From Site Selection magazine, January 2016
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‘We Don’t Care Where You Do Your Work ... As Long As It Gets Done.’
Good business and the good life keep running into each other, one neighborhood at a time.
Countries across the globe are experiencing a major population shift from suburban to urban settings. As cities prepare to accept an anticipated 2.5 billion new urban dwellers by the year 2050, a new concept for accommodating their needs is developing — the mixed-used urban community. These communities are evolving at the same time work is migrating outside office walls.
Mixed-use communities are co-mingling housing, retail, dining, entertainment and walk-to-work offices to enliven urban cores, encourage investment and development, and raise the quality of life for emerging urbanites. Developers are not only co-locating these various functions, but are also looking to break down the traditionally siloed approach to building design, and combining various activities under one roof. By doing so they are not only creating mixed-use communities with proximity, but enabling ease of future reconfiguration to accommodate changing needs of the populace.
The City Is Our Home, and Our Home Is the City
These new mixed-use communities are appealing to both the up-and-coming millennial generation, with their desire to work and live in thriving urban hubs, as well as retiring baby-boomers seeking to downsize and simplify their lives. Both want the same thing — ready access to amenities, convenience, proximity to the activity, and cultural experiences that mixed-use communities are designed to provide for us. The new urbanites are looking for communities that are walkable, vibrant, energetic, have adequate transportation, and which provide personal, social and professional experiences.
The emergence of the “24-hour community” has become a vital part of city renewals across the globe. Urban planners and developers are creating cities-within-the-city. By doing so, they are leveraging a mix of co-dependent activities within the same structures, and transforming buildings to include both daytime and nighttime use, and personal and professional activities.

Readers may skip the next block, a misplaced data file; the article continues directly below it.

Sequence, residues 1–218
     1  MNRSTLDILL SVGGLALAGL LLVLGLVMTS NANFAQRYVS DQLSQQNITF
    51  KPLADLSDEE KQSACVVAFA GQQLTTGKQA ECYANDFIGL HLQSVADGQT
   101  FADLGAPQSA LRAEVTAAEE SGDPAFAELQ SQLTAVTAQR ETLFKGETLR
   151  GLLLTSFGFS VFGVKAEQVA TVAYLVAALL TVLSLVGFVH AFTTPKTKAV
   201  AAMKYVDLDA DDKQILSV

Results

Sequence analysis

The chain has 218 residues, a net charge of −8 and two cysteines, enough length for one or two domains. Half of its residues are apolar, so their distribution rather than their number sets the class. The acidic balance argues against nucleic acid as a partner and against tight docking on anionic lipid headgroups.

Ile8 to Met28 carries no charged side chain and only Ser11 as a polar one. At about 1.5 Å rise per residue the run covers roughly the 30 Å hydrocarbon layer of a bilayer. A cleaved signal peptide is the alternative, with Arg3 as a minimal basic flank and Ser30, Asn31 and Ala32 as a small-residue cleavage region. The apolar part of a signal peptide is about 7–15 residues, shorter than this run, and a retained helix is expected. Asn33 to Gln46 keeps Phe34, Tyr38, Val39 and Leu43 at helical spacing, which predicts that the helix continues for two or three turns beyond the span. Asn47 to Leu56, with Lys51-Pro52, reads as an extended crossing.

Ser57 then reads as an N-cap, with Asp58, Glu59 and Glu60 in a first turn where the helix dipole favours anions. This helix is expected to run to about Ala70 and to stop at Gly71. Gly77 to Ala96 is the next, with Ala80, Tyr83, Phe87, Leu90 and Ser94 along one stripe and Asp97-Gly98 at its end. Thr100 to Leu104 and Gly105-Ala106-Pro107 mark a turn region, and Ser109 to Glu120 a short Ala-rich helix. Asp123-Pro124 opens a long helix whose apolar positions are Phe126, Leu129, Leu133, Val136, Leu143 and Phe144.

The City Is the Office, and the Office Is the City
As part of the evolution of our work/life style, the workplace is undergoing some significant changes as well. Organizations have been on a quest to redefine the work environment as a powerful business asset and a place people want to be. For organizations to be successful today, we need to create human-centric solutions that reinforce and support a sense of place and community, and focus on employee fulfillment, not just employee engagement.
It is predicted that 40 percent of the population will be contingent workers by 2020. We are entering the age of the nomadic worker. Novelist John Le Carre once wrote, “A desk is a dangerous place from which to watch the world.” We are no longer designing offices where everyone has a designated spot that they are expected to sit at all day, every day. Workers of today are doing a variety of tasks that can vary from day to day. So what they need are options and choice.
The biggest mind shift regarding the workplace of the future is that work will be about what you do, not where you do it.
The biggest mind shift regarding the workplace of the future is that work will be about what you do, not where you do it. As a side effect to this new paradigm of work, the very purpose of an office will change. Instead of being a place that you go to for 40 hours a week, the office will morph into a place where you go to engage others. After all, work can and is happening anyway, and the workplace is becoming more of a connection point than the place you need to go. Our new mixed-use urban communities are focusing more on “workHOW” than “workplace.”
Lines between work and life are blurring so urban communities today are focused on empowering people with choice; engagement through variety; and designing human-centric solutions maximize health, happiness and performance. They understand that we are social beings and that we thrive on being part of a community; that we long for a sense of place; that we seek each other out and that we feed on the energy of communal spaces. Mixed-used urban communities meet the needs and desire of a population that is not only looking for, but expects genuine experiences with maximum accessibility and flexibility.
John DeLibero is director of public relations for Lendlease.